Richard Moore reports on the movements of one of the greatest sportsmen in history

For a man who graced the track with such elegance, style and apparently effortless brilliance for the best part of two decades, Carl Lewis seems to have stumbled from one ill-fated project to another in retirement.

The nine-time Olympic gold medallist, world athlete of the century (IAAF) and Olympian of the century (Sports Illustrated) tried singing and acting to – euphemistically speaking – mixed reviews. More recently, he made an aborted attempt to enter politics, before, at the end of last year, returning to terra firma and taking on a full-time (but unpaid) coaching role at his old college, the University of Houston.

It has been painful at times to watch Lewis’s post-athletics career. But there always did seem to be a gap between his perception of himself and others’, particularly in his native US. The tone was set before the 1984 Olympics in Los
Angeles when his manager, Joe Douglas, predicted not only that Lewis would dominate on the track, but that his fame was set to rival that of Michael Jackson.

Yet, while Lewis won four gold medals on the track, his public image remained stuck in the blocks. To those of us watching from the UK, it was strange to realise how peripheral a figure Lewis seemed to be in his home country.

It made no sense in Europe, where Lewis was the Michael Jackson of the track. He was a beautiful runner: tall, graceful and glamorous, and he was the first professional athlete or at least the first to speak openly about how much money he was going to earn.

“He was a beautiful runner: tall, graceful and glamorous” – Richard Moore on Carl Lewis

It was ironic, then, that even after he emulated Jesse Owens by winning four gold medals in Los Angeles, the big brands didn’t seem interested. Lewis blamed “negative publicity”. A lengthy profile in Sports Illustrated on the eve of the Games was particularly damaging. There was also speculation over his sexuality, which in the conservative 1980s perhaps deterred would-be sponsors.

The writer of the Sports Illustrated article, Gary Smith, had another theory, he told me for my book, The Dirtiest Race in History: “It was not the sexual ambiguity that annoyed Americans. I feel it was more the calculation.” Meanwhile, Lewis’s coach at Houston, Tom Tellez, argued that it was “Because he was progressive … That was the problem – he was too far ahead of everyone else.”

His rivals complained that Lewis carried himself with a superior air. His US team-mate Calvin Smith described him as arrogant and aloof. Ben Johnson, who “beat” him in Seoul 1988 before testing positive, loathed him. The feeling was mutual.

Despite all this, it was easy to imagine that Lewis might slip easily into retirement and prosper off the track after winning his ninth Olympic gold medal in the long jump at the 1996 Atlanta Games. He was stylish, intelligent, a good talker – a natural for a media role, you would have thought.

“I retired in 1997 and the sport has been in steady decline since then” – Carl Lewis

After launching his singing career while still competing (an album in 1985 “wasn’t bad,” he said, “it just wasn’t good”), acting became his priority. He appeared in one TV series and six movies but 2007’s Tournament of Dreams seems to have represented the end credits as far as acting was concerned.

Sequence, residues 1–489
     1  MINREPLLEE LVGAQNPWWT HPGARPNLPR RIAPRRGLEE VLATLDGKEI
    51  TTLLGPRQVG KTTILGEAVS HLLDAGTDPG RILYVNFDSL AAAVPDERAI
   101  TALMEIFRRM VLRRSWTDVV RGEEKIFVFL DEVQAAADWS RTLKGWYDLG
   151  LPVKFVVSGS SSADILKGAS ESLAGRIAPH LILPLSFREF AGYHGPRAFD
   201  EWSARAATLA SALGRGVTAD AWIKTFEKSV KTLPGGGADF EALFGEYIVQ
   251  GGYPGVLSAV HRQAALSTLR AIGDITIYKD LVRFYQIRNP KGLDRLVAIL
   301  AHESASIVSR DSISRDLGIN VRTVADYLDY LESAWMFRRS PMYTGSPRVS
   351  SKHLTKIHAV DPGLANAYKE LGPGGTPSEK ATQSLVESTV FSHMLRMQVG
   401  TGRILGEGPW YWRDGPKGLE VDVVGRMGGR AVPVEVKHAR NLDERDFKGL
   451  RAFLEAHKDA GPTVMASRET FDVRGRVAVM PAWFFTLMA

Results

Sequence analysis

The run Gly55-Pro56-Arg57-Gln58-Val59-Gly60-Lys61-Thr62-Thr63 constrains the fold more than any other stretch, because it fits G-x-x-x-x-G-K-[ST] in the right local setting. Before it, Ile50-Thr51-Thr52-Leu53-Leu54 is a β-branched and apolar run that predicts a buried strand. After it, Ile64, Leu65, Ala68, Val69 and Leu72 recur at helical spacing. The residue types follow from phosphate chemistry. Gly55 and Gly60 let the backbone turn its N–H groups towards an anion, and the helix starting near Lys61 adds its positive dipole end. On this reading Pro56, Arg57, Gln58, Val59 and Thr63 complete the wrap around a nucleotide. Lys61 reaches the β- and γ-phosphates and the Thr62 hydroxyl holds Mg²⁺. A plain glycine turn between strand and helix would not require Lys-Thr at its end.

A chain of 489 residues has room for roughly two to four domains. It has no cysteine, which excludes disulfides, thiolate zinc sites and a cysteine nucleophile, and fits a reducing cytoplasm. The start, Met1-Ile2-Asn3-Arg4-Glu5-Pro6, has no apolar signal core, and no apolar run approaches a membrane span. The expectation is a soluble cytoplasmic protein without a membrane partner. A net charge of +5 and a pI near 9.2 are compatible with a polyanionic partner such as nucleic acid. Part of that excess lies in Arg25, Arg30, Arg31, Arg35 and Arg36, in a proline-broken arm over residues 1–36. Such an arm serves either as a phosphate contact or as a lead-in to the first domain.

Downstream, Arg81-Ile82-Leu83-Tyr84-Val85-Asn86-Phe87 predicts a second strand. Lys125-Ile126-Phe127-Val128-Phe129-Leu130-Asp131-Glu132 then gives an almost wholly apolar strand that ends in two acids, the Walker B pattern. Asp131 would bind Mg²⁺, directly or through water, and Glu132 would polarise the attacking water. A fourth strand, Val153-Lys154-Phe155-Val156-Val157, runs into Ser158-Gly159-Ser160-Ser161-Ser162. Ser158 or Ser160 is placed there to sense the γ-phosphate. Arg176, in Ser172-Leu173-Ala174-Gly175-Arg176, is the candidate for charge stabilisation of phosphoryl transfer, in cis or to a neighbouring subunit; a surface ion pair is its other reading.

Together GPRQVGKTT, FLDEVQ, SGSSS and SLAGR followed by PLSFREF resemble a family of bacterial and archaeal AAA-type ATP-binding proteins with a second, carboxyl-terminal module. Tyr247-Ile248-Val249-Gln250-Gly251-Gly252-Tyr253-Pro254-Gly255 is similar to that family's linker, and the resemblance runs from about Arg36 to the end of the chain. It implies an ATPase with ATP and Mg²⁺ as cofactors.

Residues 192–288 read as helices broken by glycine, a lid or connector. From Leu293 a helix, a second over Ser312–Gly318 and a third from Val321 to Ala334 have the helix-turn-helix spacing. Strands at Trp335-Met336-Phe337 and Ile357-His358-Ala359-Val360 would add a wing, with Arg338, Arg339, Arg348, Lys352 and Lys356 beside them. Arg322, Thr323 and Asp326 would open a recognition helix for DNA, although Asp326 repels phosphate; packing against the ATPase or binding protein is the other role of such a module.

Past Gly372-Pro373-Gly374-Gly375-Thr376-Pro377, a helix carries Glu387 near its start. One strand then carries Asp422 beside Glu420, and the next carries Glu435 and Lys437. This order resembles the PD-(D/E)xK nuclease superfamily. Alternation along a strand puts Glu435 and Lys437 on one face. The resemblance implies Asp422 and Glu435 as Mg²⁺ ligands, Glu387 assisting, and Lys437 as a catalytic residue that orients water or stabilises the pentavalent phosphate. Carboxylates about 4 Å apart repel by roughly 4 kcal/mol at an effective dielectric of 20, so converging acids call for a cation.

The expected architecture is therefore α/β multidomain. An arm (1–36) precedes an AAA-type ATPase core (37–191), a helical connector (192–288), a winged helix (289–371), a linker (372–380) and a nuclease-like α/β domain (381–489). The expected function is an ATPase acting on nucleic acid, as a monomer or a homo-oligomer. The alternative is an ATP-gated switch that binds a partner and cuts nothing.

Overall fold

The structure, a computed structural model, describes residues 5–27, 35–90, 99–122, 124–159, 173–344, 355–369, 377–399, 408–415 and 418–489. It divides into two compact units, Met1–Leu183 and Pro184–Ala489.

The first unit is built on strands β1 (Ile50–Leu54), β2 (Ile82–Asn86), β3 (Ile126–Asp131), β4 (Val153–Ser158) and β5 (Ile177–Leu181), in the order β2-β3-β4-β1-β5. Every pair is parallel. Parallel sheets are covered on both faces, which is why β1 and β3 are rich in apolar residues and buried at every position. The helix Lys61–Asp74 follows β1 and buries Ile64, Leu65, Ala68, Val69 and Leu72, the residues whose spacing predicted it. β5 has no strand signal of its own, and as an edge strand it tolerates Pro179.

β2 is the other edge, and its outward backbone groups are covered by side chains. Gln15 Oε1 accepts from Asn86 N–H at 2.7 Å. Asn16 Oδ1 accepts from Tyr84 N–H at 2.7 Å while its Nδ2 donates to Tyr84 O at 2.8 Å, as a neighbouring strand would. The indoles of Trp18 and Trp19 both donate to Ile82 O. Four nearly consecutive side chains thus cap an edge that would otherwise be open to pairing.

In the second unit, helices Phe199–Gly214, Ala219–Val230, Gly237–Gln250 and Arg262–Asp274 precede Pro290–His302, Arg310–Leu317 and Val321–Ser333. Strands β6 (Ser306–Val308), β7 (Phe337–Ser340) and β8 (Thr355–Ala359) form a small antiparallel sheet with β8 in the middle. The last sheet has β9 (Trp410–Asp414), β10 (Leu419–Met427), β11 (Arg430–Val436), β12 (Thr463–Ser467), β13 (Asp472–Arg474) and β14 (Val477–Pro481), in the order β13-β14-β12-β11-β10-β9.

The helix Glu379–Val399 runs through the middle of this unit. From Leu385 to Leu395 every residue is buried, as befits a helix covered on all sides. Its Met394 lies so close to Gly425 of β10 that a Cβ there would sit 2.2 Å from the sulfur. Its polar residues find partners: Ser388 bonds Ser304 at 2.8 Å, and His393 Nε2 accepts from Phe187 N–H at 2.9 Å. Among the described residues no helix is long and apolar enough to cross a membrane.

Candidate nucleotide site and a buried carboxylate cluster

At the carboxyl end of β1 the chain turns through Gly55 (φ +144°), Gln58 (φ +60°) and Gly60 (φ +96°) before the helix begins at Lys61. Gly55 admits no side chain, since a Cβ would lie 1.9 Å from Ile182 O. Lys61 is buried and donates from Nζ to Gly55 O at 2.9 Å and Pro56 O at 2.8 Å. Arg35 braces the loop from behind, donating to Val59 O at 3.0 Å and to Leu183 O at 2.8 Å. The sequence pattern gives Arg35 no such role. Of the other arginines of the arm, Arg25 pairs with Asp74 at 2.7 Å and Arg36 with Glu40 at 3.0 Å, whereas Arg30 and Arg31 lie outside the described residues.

There was also, in 2003, the revelation he had tested positive for small traces of stimulants before the 1988 Olympics. He was cleared at the time, but the news took some of the shine off his squeaky clean image. A week later, he crashed his car into a wall. His blood alcohol level was over the limit and he was sentenced to three years’ probation, 200 hours’ community service and ordered to attend Alcoholics Anonymous.

In 2011 Lewis announced he was running as a Democrat for the state Senate in New Jersey. But he was forced to withdraw after the Republicans complained that he didn’t meet residency requirements: though born in New Jersey, he had spent more time in California. More recently, Lewis told his local newspaper in Houston that his attempt to enter politics came about because he was “bored”, adding that the people of New Jersey “love to complain, but they don’t like to do anything about it. I said, ‘Let me try to do something about it.’”

Last year he answered a call from his old club-mate and friend Leroy Burrell to coach at the University of Houston. But he struggled with his new role initially because he didn’t know what to say to athletes with a fraction of his talent. “Now I know what they want to hear is the truth,” Lewis said. “I tell recruits that I won nine gold medals. I was Olympian of the century. I don’t take a dime to coach for this university. I don’t need anything from you but your success, and I want that for UH (University of Houston), I want that for you and I want it for your family.”

He lives near the campus in Houston near his mother, Evelyn, and his remains an important voice. He has been critical of the state of the sport, saying that it lacks the stars of the old days.

“I retired in 1997 and the sport has been in steady decline since then,” he said recently. “I was one of the ones, with Sergey Bubka and Sebastian Coe, who set the model for what the sport was. I think sometimes you have to look backwards to move forwards.”

» Richard Moore is the author of The Dirtiest Race in History: Ben Johnson, Carl Lewis and the 1988 Olympic 100m Final and also The Bolt Supremacy: Inside Jamaica’s Sprint Factory